So What Is Race?
Over the last few decades, there has in the humanities and public discourse been some confusion about the ever-contentious category of race that needs to be cleared philosophically if anti-racist policy is to be effective. If race is sometimes put between inverted commas, does that mean that it is not real? If race is a social construction, a figment of the imagination, then how can there be racism in institutions, feelings and economic distribution? Can physical differences between human bodies be thought without boxing them into the old colonial categories? This essay will answer this last question in the affirmative, providing a realist account of some of the many mechanisms whereby differentiation happens along racial lines. It does this by carefully avoiding reducing race to genes or to anything else, while taking the biological dimension of race seriously. A critical and embodied framework for approaching race and racism is suggested that will hopefully help to start clearing the confusion.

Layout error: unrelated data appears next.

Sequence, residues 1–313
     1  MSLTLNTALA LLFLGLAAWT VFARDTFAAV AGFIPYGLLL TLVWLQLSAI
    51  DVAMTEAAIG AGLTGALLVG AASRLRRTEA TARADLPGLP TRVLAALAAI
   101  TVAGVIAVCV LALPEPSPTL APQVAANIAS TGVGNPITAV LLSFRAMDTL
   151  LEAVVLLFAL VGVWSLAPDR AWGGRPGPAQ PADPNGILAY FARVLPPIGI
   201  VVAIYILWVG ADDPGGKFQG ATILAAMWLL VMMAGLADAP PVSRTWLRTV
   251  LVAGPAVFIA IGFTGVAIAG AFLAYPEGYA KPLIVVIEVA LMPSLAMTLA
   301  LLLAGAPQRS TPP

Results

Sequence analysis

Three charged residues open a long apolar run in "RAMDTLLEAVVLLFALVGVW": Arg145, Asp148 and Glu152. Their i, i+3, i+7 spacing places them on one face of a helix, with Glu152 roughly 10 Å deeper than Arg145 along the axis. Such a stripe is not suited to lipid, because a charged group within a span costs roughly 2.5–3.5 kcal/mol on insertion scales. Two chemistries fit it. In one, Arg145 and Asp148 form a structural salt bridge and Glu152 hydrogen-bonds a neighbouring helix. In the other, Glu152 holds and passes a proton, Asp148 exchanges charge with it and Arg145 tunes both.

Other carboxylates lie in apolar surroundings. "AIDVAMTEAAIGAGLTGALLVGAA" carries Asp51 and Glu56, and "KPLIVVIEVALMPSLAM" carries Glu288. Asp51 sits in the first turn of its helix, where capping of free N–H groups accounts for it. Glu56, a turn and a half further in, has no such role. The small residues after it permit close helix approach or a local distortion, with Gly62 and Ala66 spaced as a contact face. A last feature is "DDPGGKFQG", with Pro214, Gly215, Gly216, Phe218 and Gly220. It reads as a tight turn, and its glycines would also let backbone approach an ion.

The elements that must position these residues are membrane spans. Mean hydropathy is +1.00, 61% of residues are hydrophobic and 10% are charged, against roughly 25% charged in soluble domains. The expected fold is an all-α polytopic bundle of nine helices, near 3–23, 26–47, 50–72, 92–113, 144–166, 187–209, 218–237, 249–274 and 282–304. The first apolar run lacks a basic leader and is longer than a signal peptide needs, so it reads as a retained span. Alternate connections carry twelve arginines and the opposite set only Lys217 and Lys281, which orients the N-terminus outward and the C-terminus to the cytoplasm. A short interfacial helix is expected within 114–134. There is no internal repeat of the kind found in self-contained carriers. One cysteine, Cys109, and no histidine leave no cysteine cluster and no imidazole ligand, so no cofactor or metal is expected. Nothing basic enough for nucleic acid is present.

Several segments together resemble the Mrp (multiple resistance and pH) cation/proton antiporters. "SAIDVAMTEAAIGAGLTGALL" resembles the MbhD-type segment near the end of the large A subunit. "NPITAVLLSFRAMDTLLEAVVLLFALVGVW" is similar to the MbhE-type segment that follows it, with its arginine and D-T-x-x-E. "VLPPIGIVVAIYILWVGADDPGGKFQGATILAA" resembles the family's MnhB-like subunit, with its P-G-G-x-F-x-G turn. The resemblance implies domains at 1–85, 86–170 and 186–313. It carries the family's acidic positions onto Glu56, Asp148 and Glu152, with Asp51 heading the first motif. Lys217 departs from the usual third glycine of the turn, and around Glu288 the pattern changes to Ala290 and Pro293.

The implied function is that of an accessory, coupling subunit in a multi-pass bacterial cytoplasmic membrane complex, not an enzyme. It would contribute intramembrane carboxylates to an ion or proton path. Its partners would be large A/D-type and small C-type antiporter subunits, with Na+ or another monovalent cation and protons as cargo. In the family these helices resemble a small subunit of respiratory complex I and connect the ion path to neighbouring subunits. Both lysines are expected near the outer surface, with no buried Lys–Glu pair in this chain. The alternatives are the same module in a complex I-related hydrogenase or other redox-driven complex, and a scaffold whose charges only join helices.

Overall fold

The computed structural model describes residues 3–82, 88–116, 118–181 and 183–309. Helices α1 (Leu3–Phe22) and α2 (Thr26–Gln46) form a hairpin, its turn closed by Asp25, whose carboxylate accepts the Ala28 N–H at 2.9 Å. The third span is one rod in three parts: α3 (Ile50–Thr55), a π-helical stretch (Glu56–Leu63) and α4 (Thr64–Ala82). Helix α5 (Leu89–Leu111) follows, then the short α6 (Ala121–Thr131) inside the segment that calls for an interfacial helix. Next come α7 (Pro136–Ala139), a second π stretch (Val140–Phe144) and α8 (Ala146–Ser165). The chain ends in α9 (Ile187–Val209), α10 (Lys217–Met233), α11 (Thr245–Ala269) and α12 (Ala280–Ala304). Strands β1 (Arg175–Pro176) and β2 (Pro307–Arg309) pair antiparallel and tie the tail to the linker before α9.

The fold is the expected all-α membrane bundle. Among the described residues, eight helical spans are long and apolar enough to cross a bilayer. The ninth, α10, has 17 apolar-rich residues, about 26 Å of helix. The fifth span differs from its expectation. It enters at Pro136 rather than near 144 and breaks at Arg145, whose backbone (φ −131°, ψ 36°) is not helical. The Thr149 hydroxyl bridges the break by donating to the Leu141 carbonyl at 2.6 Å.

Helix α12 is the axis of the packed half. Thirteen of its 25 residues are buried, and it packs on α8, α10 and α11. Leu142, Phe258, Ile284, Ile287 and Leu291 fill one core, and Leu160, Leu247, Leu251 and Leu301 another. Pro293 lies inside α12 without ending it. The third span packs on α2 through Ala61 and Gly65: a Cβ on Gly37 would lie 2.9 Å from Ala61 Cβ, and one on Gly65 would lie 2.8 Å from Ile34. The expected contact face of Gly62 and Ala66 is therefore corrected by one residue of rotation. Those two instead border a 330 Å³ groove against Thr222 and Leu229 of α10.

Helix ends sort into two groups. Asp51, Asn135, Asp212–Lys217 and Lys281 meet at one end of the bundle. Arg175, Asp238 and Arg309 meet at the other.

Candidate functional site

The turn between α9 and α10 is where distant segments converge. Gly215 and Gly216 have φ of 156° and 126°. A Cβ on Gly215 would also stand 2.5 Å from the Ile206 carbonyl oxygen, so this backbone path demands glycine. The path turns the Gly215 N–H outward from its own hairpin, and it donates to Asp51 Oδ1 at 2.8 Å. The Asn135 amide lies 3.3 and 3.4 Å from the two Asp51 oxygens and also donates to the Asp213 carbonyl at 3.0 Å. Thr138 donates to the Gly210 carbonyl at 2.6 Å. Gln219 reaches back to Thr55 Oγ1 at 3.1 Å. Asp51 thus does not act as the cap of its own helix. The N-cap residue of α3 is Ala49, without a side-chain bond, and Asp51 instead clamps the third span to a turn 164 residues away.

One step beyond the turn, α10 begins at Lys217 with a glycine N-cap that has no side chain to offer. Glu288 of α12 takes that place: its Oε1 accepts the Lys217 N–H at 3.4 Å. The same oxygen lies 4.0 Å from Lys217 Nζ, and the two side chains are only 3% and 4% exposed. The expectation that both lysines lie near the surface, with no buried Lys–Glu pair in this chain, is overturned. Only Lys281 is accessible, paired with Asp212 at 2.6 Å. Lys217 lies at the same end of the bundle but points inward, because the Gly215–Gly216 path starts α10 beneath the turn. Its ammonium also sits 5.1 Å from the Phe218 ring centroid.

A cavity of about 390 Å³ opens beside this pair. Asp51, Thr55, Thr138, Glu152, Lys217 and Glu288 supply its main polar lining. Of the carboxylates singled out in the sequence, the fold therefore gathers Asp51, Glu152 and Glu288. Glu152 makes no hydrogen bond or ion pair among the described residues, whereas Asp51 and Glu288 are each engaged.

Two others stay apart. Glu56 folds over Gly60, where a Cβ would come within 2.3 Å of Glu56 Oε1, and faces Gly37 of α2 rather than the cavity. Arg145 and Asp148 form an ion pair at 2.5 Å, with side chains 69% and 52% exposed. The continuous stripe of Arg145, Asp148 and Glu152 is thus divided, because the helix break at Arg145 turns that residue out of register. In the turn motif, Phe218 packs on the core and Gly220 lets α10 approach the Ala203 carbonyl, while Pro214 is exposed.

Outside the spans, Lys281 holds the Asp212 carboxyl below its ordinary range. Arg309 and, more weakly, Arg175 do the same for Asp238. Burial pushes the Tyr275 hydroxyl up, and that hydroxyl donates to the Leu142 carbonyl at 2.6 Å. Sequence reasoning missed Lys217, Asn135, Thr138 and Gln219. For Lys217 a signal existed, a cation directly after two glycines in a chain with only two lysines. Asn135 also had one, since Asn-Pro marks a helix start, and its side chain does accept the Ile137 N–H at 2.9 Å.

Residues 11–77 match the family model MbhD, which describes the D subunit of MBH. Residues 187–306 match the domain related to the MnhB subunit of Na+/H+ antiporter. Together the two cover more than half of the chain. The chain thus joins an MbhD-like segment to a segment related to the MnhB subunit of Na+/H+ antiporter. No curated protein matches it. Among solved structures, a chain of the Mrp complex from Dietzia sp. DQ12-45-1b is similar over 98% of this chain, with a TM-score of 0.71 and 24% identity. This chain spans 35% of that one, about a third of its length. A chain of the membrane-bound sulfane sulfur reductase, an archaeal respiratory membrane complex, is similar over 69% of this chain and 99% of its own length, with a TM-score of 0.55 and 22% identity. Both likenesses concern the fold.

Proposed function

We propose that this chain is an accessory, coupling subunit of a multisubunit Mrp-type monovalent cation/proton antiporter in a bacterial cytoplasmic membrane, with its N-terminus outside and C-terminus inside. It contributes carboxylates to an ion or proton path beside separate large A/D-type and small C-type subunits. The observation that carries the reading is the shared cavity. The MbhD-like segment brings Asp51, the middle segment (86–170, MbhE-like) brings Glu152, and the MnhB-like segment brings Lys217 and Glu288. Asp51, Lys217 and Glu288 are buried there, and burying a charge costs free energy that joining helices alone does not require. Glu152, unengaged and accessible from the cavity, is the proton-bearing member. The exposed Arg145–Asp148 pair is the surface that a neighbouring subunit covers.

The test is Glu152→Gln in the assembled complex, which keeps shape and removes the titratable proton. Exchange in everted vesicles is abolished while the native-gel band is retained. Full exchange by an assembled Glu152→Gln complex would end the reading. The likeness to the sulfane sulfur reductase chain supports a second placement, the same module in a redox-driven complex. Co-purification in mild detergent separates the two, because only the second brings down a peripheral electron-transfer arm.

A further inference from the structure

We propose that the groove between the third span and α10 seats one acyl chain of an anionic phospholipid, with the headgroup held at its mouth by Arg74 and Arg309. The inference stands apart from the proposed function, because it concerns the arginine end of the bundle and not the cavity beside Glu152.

- Insights Vol 2 Paper 12 (last modified: 3 March 2010)